I’ll never forget the response I got from a good friend of mine when I texted and told him that I might take a job training tigers. He told me that training tigers was the definition of crazy and he wished me well for the rest of my short life. I was taken aback at first and then realized that he had no concept of what training tigers in a modern day AZA accredited facility meant.
He was picturing something like this
Image courtesy of Cameron Coup from "Sawdust and Spangles"/Wikimedia/Public Domain
Images like these are what most people grew up seeing in the movies and even sometimes in real life. In parts of the world things like this still take place but this is not the way things are done in present day AZA facilities.
Animal training with dangerous animals is done by protected contact these days. Protected contact means that the trainer and the animal are never in direct contact with one another. There is always a barrier between the animal and the trainer.
For example, when I worked with an Ocelot, there was a series of levers, pulleys and gates that could be raised and lowered to keep us separated from each other at all times. I would lock him out in his yard while I placed his food near his nest box. After I was safely out the locked door, only then would I lift the gate to allow him access to his food. All training conducted was through a chain link fence, also known as fence training. The keeper can stand on one side of the fence and use a target on a long stick to show the animal where it needs to go. The animal can touch the target with their nose or paw through the fence. Treats are then delivered through a long device with a type of claw on the end that holds the meat until the animal takes it.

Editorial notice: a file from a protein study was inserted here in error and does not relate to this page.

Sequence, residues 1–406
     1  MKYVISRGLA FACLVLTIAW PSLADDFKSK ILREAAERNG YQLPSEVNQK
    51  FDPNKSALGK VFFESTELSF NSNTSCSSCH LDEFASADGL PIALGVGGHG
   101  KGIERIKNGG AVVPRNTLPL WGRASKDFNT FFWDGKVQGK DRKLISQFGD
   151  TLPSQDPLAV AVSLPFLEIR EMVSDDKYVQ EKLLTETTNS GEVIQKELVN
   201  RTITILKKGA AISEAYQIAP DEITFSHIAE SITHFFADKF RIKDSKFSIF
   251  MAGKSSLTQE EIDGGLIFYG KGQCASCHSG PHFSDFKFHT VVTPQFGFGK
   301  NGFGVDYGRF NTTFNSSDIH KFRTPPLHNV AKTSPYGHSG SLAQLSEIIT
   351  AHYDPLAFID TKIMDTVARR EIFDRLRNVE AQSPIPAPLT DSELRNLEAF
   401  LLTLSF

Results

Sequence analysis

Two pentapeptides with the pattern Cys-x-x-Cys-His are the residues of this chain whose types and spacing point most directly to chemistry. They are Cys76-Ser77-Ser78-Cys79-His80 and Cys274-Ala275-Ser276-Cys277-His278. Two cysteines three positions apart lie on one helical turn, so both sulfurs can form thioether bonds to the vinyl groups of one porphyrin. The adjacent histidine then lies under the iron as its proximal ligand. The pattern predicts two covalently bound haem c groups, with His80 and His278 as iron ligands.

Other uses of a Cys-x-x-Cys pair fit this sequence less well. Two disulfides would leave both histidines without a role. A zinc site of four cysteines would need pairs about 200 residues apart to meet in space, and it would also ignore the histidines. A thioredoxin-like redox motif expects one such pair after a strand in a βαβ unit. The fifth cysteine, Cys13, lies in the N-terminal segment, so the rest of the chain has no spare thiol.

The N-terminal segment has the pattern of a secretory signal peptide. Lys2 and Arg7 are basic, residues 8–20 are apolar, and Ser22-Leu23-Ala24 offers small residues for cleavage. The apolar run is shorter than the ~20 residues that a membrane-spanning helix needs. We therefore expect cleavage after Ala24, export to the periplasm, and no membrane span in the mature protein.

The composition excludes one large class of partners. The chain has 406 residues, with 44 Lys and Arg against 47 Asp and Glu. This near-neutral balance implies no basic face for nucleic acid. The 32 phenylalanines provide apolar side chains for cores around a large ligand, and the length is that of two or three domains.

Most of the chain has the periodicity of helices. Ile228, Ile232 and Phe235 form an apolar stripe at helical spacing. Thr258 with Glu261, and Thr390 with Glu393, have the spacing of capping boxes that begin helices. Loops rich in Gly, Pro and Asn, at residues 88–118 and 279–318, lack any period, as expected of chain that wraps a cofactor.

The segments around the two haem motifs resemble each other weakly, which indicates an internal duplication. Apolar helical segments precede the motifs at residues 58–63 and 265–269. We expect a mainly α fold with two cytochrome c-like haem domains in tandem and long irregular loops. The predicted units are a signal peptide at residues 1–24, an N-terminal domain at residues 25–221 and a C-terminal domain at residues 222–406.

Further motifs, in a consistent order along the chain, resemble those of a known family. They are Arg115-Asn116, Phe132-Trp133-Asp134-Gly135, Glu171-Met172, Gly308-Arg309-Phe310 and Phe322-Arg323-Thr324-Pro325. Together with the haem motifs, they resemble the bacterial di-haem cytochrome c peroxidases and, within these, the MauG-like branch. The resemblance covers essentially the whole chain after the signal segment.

Elephants and other large or dangerous animals are also trained this way at most zoos. The elephant can reach through large bars with its trunk and the keepers can reach through the bars to give the elephant a bath or give it a pedicure, but the keeper does not go in the actual enclosure with the elephant. This prevents a keeper from accidentally getting crushed against the bars.
Of course there is still risk when working with these animals but the practice of protected contact training helps to greatly reduce the risks.
How about you? Do you still think that training tigers or other large animals is the definition of crazy? Do you use protected contact training at your zoo or wildlife center?
Hi! I'm Brittany and I started this blog to share my love of animals and to try and help save them in the wild.